Kingdom Fungi

Narinder Singh, Academic Content Writer at Edumarz

  • The Fungi makes up a special kingdom of heterotrophic organisms. Besides showing  an excellent variation in morphology and habitat, they’re cosmopolitan and occur in air, water, soil, and on animals and plants.They also wish to grow in warm and humid places.

                  Except Yeasts, that are unicellular, Fungi are filamentous. Long, slender thread like structures called hyphae are present in their bodies. The network of hyphae is understood as  mycelium. Some hyphae, called coenocytic hyphae, are continuous tubes stuffed containing multi-nucleated cytoplasm, though others have septae or cross walls. Furthermore the cell walls of fungi are formed from Chitin and Polysaccharides.

                   Additionally, they also live as symbionts-alongside algae as Lichens and with roots of upper plants as Mycorrhiza.

  • Fragmentation, fission and budding are the foremost modes for copying in  Fungi. The reproduction amongst them occurs through spores  Called Conidia or Zoospores, whereas the sexual reproduction occurs through Oospores, ascospores and basidiospores. The assembly of varied spores Occur in distinct structures called fruiting bodies. The sexual cycle comprises the Following steps:
  •    Plasmogamy involving the fusion of protoplasms between two motile or Non-motile gametes.
  •  Karyogamy involving the fusion of two nuclei.
  •  Formation of haploid spores as on account of  Meiosis in Zygote.

         During the sexual reporduction of a fungus, two haploid hyphae of compatible Mating types move and fuse. In some fungi, diploid cells (2n) are immediately produced through fusion of two haploid cells, whereas in other Fungi (ascomycetes and basidiomycetes), a phase called dikaryophase is  achieved , which is an intervening dikaryotic stage. Afterwards, fusion of the Parental nuclei occur and also the cells become diploid. Also, the fungi forms Fruiting bodies within which the meiosis occurs, and it finishes up with the Formation of haploid spores.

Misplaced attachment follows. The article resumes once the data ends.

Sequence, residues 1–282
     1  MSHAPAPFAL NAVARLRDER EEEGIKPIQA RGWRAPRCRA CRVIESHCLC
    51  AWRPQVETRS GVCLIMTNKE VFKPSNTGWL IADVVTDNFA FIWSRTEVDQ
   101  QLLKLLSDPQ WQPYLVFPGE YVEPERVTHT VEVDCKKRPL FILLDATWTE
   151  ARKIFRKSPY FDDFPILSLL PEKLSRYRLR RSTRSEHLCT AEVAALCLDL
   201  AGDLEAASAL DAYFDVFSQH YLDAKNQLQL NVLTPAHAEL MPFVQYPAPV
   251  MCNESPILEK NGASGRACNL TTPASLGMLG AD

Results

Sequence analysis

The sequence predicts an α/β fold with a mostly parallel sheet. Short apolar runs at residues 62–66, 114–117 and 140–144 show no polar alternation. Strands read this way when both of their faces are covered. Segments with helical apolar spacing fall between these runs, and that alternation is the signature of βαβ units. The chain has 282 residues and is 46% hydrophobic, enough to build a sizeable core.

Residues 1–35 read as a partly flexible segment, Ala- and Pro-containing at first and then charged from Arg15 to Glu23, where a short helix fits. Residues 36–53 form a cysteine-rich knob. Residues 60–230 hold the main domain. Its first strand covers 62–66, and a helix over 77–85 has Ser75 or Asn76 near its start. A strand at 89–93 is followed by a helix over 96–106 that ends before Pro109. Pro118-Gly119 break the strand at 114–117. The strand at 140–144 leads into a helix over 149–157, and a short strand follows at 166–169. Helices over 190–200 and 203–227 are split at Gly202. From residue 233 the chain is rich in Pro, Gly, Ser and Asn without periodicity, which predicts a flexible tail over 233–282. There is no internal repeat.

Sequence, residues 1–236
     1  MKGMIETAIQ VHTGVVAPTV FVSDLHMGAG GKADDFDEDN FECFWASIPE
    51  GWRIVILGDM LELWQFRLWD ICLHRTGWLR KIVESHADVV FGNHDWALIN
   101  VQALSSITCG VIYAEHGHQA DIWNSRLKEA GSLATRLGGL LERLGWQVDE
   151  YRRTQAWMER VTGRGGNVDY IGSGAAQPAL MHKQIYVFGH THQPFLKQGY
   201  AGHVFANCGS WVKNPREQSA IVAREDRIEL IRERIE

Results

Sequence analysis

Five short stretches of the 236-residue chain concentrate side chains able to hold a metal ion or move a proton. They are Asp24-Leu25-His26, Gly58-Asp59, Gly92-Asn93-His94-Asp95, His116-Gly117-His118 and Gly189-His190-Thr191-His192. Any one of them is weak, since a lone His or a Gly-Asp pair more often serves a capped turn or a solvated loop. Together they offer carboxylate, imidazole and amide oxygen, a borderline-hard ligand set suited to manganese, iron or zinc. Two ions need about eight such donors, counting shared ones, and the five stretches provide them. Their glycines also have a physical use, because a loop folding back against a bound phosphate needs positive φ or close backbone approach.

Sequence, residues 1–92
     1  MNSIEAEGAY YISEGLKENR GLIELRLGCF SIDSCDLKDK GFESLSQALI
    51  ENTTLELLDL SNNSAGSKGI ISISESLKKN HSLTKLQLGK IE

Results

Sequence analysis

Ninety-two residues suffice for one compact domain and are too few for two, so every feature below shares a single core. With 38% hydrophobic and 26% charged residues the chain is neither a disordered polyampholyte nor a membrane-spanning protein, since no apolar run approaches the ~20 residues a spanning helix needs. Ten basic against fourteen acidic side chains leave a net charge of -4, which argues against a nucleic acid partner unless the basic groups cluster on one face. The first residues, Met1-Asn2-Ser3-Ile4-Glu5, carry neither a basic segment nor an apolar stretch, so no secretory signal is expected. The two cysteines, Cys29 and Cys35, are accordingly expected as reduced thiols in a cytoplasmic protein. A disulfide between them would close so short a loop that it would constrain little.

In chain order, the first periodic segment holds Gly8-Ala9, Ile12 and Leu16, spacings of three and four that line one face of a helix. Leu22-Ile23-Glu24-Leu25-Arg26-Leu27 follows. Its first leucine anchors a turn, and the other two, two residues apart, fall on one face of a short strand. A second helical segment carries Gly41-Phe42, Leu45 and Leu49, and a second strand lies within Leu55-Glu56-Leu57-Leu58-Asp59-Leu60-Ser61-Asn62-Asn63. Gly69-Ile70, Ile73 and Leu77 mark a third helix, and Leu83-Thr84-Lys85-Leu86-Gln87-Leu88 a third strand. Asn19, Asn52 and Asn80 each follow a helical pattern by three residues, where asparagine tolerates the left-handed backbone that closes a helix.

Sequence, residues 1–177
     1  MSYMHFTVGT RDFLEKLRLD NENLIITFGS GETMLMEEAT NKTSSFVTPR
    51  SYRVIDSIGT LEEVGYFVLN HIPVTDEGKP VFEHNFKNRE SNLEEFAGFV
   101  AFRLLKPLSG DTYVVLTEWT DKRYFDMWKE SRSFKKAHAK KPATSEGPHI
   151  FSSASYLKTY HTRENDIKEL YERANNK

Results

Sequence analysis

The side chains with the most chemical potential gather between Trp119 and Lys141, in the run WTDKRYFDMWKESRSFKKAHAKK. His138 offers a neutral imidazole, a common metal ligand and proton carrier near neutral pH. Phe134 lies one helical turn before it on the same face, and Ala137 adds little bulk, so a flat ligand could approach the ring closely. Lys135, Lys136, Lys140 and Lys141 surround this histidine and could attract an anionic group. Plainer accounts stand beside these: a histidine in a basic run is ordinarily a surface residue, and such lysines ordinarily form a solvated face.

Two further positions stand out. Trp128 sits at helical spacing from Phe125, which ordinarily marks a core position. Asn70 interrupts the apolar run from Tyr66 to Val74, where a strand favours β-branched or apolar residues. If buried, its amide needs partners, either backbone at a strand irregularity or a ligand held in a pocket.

• Phycomycetes: In these types of Fungi, Agametogenesis occurs by zoospores(motile) or by aplanospores (non-motile), with these spores produced endogenously in Sporangium. Formation of zygospore occurs through the fusion of two gametes.These gametes are additionally morphologically similar or dissimilar. The examples include: Rhizopus (bread mould), Mucor and Albugo (Parasitic Fungi on Mustard).
  • Ascomycetes:  The’re mostly multi-cellular, saprophytic, decomposers, parasitic or coprophilous (growing on dung) with branched and Septate Mycelium.- Ascospores are produced endogenously in sac like asci, with the arrangement of those asci in several fruiting bodies called ascocarps.As an example, Neurospora, Claviceps and Aspergillus, with Neurospora getting utilised in biochemical and genetic work.
  • Basidiomycetes: They include mushrooms, bracket fungi or puffballs. Vegetative reproduction by Fragmentation is common. Though they donot contain sex organs, “Plasmogamy  occurs by fusion of two vegetative or somatic cells of diverse strains or genotypes”. The resultant Dikaryotic structure gives rise to Basidium. Karyogamy and Meiosis occurring within the Basidium produces four Basidiospores. Here basidiospores are exogenously produced on the Basidium, with Basidia arranged in fruiting bodies called Basidiocarps. Examples include: Puccinia (rust fungus), Agaricus (Mushroom) and Ustilago(Smut).
  • Deuteromycetes:  As only the vegetative or asexual phases of them is Known, the’re noted as imperfect fungi. They reproduce only by asexual spores called Conidia, with separate and branched Mycelium.Examples include: Colletotrichum, Trichoderma and Alternaria.

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